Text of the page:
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Western University helps develop 3D-printed surgical table

3D-printed surgical table. (Source: Western University) 3D-printed surgical table. (Source: Western University)

A collaborative project between Western University and Michigan Tech University has resulted in a functional, 3D-printed surgical fracture table.

According to Western, the table was built at a fraction of what it would normally cost.

“We want everyone in the world to have cost-effective medical care and this is one step on the path to getting us there,” said Joshua Pearce, chair in Information Technology and Innovation at Western. “And if we help those who are financially less fortunate with acquiring high-performance medical equipment, we will also be making better medical tools for ourselves at a lower cost, so really, everyone wins.”

The capital cost of a surgical fracture table, for example, would generally cost more than $250,000. The final constructed operating table costs just under $4,000, or a 98.5 per cent savings compared to commercially available systems.

The study could have significant impact in the developing world, according to Western, where the financial burden of medical equipment is a significant barrier to universal access to health care.

Final assembly of surgical fracture table. (Source: Western University)“Medical technology is absurdly expensive. One way we can help reduce costs is to enable all manufacturers to build these, sell them directly, and to integrate some of the innovations, like the use of the radiolucent 3D-printed parts we made into their own designs,” said Pearce. “This is in no way the final fracture table. I’m sure any decent engineer could look at it and make it a little bit better and that’s exactly what it’s meant to do — to be a starting point for other people to build on.”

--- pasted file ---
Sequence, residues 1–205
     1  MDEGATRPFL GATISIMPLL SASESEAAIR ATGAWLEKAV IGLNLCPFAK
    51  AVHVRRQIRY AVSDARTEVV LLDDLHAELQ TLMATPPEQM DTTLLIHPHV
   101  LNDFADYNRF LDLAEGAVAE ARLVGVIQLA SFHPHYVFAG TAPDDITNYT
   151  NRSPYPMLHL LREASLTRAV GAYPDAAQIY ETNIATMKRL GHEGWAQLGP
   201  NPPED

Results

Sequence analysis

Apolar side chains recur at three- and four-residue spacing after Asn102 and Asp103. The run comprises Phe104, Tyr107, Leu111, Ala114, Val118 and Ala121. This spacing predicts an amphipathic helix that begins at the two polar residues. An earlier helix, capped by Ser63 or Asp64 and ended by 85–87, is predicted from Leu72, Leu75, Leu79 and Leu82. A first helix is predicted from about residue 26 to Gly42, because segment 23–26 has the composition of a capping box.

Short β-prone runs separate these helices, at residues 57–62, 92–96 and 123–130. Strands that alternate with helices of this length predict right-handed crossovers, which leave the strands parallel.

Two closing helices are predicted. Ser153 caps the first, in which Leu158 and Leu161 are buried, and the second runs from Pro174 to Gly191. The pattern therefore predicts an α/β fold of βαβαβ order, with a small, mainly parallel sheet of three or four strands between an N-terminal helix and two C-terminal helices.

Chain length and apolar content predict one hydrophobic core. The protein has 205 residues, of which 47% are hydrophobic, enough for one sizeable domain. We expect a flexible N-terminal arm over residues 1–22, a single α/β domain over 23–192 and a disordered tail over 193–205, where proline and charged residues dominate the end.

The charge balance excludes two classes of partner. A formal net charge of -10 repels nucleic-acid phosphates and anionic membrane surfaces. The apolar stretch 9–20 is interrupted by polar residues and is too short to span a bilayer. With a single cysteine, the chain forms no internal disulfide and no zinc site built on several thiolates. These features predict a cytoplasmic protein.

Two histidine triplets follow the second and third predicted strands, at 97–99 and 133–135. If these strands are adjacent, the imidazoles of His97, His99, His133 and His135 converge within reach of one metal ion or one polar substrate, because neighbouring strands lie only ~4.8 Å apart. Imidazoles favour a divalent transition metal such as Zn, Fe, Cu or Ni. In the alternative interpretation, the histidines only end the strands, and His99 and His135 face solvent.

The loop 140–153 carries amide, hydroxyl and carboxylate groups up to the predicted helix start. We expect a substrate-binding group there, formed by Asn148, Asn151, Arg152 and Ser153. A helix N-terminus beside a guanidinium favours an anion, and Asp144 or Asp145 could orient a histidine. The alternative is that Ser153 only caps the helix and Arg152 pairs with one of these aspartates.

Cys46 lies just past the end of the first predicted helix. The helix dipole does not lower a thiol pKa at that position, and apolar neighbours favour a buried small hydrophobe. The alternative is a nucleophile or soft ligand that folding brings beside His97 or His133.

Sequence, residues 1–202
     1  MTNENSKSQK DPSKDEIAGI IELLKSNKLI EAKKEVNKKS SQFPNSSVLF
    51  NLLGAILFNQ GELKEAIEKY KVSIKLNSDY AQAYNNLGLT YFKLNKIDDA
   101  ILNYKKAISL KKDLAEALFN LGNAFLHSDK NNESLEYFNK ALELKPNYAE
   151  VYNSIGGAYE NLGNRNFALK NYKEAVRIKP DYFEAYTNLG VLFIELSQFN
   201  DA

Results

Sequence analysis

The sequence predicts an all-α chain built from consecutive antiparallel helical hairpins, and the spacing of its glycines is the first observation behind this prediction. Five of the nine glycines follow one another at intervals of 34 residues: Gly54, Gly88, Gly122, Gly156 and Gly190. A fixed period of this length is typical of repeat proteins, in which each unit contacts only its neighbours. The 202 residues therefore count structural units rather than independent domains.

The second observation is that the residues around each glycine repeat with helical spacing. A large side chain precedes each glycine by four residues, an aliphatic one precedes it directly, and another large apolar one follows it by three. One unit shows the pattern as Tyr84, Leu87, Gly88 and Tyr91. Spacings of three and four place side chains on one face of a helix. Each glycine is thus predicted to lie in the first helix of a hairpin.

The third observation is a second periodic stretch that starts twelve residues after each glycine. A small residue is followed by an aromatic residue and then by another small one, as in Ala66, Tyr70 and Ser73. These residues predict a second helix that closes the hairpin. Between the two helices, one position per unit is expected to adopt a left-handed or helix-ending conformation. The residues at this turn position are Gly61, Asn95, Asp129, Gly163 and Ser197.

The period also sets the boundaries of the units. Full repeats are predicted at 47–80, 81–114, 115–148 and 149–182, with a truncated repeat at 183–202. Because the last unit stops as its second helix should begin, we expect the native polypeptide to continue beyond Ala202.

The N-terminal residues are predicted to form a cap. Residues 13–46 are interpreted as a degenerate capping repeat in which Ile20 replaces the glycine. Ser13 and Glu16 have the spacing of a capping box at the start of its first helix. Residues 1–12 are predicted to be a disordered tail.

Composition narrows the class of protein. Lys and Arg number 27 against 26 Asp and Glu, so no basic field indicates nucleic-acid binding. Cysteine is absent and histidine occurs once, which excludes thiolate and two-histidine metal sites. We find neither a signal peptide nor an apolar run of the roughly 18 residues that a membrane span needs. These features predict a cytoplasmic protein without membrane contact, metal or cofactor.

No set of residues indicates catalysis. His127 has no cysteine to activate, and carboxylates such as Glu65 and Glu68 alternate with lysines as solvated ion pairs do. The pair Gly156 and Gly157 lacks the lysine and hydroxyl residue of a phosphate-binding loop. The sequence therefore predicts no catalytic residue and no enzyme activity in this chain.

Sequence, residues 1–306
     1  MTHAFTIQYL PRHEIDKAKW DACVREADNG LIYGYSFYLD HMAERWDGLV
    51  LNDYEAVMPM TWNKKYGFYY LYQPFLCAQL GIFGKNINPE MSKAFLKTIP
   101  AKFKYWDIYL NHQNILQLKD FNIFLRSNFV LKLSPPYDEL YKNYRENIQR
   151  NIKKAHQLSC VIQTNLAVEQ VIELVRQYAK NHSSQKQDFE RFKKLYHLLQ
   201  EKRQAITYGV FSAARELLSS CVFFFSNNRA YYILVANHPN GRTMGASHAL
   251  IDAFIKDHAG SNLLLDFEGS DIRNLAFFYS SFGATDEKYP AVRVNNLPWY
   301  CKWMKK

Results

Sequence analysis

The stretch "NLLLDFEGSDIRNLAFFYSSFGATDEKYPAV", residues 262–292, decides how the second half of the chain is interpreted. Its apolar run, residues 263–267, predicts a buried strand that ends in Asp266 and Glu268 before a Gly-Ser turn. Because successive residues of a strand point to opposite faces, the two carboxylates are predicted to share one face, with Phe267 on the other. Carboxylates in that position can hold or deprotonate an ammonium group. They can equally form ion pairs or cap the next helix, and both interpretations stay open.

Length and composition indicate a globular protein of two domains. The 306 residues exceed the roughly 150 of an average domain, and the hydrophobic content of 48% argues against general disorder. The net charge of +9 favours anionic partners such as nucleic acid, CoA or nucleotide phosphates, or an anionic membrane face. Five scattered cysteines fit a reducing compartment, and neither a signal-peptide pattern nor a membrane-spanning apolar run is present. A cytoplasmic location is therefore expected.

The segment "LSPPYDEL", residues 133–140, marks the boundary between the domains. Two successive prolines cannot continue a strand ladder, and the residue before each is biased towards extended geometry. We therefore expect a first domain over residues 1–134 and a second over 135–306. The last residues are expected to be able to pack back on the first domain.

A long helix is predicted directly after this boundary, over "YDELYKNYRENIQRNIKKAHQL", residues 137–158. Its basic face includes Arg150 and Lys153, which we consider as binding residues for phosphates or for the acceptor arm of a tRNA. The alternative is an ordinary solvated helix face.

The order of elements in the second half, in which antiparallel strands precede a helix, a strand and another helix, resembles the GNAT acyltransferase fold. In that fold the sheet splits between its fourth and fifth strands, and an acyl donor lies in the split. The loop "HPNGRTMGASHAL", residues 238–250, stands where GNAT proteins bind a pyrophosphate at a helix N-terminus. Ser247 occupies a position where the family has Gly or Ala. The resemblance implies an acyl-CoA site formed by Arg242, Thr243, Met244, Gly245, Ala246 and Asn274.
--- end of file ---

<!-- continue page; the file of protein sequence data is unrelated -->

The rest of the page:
Ideally, this table design is useful to hospitals that might otherwise be unable to afford one, reads a statement from Western.

As the design of the table is freely available, the table can be built, used and repaired on location. As surgeons and other health-care workers find a need for further attachments and modifications, they can add to the functionality of the design, either by designing a modification themselves, or by describing what they would like to see in the design and having others contribute to these designs.

The work was published in the high-impact journal PLOS ONE, outlining innovative, step-by-step, techniques to build a functionally comparable operating table using open-source hardware and 3D printing.

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